I have been lucky enough to observe, since we first had a cat when I was seven years old, the reactions of cats to the vagaries of the British climate.

Most cats seem peculiarly British in their attitude to snow – like the human population, they almost have a panic attack at the sight of a centimetre of the stuff and just, well, give up completely. Gone are any thoughts of going outside in that, or of carrying on business as usual. Snow = sleep time seems to be the rule of paw here.

‘What about your hardy cousins in Antarctica?’ I always say to our cats, opening the back door to a diamond-sparkling winter wonderland of a Christmas cake landscape, suggesting they go for a healthy trot. ‘They go out in temperatures far colder than this, in many metres of snow too, several times their height, on almost every day of the year!’

The look cats are able to flash at the two-legged creatures who feed them at such moments says it all:

‘But we are not Antarctic cats, two-legs,’ the look always says, ‘we are felines living on a damp island off the coast of northern Europe, and it is cold and snowy outside so I’m staying by the radiator, because I don’t need to hunt like my cousins in Antarctica, because you feed me. Now shut up and shoo, fool – can’t you see I’m trying to sleep!’

I wonder if Scandinavian cats are such snow-phobic wimps? Or do they stride and slide through the icy drifts on the prowl for any unfortunate little creature forced by hunger to leave its burrow and venture into a whitened world where its un-camouflaged brown blur of fur stands out as starkly as an EAT ME sign?

Do solemn Swedish cats, for example, stand and stare stoically at the gloom and doom of existence glimmering in every snow flake, like the detectives in all those Scandi TV dramas?

Do Russian cats roar their defiance at the blizzards of winter as they fearlessly thrust their paws into the depths of winter snowdrifts on a mission to defend their homeland?

And do courteous Canadian cats perhaps just smile politely and tip-toe inoffensively on their merry wintery way into the outside world?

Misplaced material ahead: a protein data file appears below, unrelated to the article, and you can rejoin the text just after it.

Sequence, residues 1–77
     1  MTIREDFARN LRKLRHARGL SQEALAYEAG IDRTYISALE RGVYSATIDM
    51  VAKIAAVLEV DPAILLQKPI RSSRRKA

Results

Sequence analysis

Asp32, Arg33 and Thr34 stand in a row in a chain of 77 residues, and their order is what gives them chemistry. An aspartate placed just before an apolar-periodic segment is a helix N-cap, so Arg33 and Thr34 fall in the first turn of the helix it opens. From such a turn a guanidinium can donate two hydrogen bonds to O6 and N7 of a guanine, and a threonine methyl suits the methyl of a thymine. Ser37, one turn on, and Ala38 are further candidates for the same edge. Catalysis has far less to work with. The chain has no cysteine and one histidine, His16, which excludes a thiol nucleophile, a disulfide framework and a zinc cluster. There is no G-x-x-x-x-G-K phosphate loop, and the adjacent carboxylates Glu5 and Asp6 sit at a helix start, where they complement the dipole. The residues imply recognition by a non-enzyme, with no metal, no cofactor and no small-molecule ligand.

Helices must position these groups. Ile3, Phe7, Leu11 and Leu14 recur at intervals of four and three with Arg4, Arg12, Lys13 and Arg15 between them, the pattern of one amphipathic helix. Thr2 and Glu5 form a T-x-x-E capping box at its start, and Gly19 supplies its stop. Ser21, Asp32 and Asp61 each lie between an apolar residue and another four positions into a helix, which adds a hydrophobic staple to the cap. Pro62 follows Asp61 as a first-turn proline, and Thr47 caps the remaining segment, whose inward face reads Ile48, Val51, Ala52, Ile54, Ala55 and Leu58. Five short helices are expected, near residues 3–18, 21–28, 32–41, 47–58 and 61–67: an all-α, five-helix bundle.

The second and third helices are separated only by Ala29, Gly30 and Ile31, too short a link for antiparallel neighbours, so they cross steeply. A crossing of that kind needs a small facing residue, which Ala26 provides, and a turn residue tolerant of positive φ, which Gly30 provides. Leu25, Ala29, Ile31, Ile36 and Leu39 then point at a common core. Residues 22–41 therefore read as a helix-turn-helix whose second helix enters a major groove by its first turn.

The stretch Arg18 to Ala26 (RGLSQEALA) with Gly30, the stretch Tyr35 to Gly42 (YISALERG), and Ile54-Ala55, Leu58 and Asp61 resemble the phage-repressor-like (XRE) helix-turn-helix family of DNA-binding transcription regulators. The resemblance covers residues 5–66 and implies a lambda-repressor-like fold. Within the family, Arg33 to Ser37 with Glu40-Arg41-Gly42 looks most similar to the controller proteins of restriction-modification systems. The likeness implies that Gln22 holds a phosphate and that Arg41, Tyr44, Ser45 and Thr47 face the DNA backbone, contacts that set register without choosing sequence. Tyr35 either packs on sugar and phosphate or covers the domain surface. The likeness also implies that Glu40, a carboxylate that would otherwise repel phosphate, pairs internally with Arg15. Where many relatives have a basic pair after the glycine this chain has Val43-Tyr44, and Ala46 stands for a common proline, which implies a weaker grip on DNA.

If so, then why do British cats curl up and quit at the first sign of a snow-flake?

Why? Because they can – that’s why.

And if they are wimps, we have made them so.

Take away the rations and the central heating and they’d soon revert to their feral and predatory instincts, prowling tiger-like on the hunt, no matter what the weather – it’s all still in there behind those all-knowing eyes peering out from every fluffy feline face. And it could pounce out at any moment too! If it could be bothered, that is...

Snow is rare in most of Britain, of course, but we are world famous for our rain and wind.

Now, every cat I have ever known has hated wind. It ruffles their beautifully groomed fur something rotten! It also makes them skittish, as manic and hyperactive as a sugar-rushed X-boxed tweenager, as their brains struggle to cope with the chaotic over-stimulation of everything around them moving, shaking and twitching.

Rain is another matter, and some cats we have had have actually seemed to enjoy it.

Having said that, the semi-longhaired black rescue cat Bumble we have at present hates to even get his feet wet; but his sister Honey, a torti-tabby cross, has no such near-phobic horror of ‘sky water’, though even she doesn’t exactly like walking on wet ground and will seek shelter in the lightest of drizzles.

We once had a cat, however, called Hobbes – a long-haired black-and-white scruffy tom – who loved the rain. He used to dash out through the cat flap in storms, tornados and hurricanes, and later return from his hunt with his prey – which was always either teabags or crisp packets, there being a severe lack of other little creatures in this vicinity. Needless to say, he especially loved bin-night! Incidentally, I based Eric, the scruffy and cheeky cockney stray in my book A Cat Called Dog on Hobbes (who, sadly, was killed by a local Alsatian when he was just two).

And so to the favourite weather for all cats: hot and sunny. Or is it?

Much as most cats love the lack of rain and snow and wind, and seem to adore sprawling and basking in the hot dryness of a sunny summer day, they soon seek refuge from the rays to skulk inside the house like the most truculent of teenagers.

So what exactly is ‘nice weather for cats’?

Well, I can only conclude, based on extensive observations, that there really is no pleasing cats and that no type of weather is just right for their capricious tastes.

Maybe cats are more like people than we – or they – would like to think!


Those who dislike cats will be carried to the cemetery in the rain (Dutch proverb)

If a cat washes behind its ears, it will rain (English superstition).

A cat sleeping with all four paws under means cold weather ahead (English superstition)

  • When cats sneeze it is a sign of rain.
  • The cardinal point to which a cat turns and washes her face after rain shows the direction from which the wind will blow.
  • When cats are snoring foul weather follows.
  • It is a sign of rain if the cat washes her head behind her ear.
  • When cats lie on their head with mouth turned up [on their back] expect a storm.
  • When a cat washes her face with her back to the fire expect a thaw in winter.

Jem Vanston







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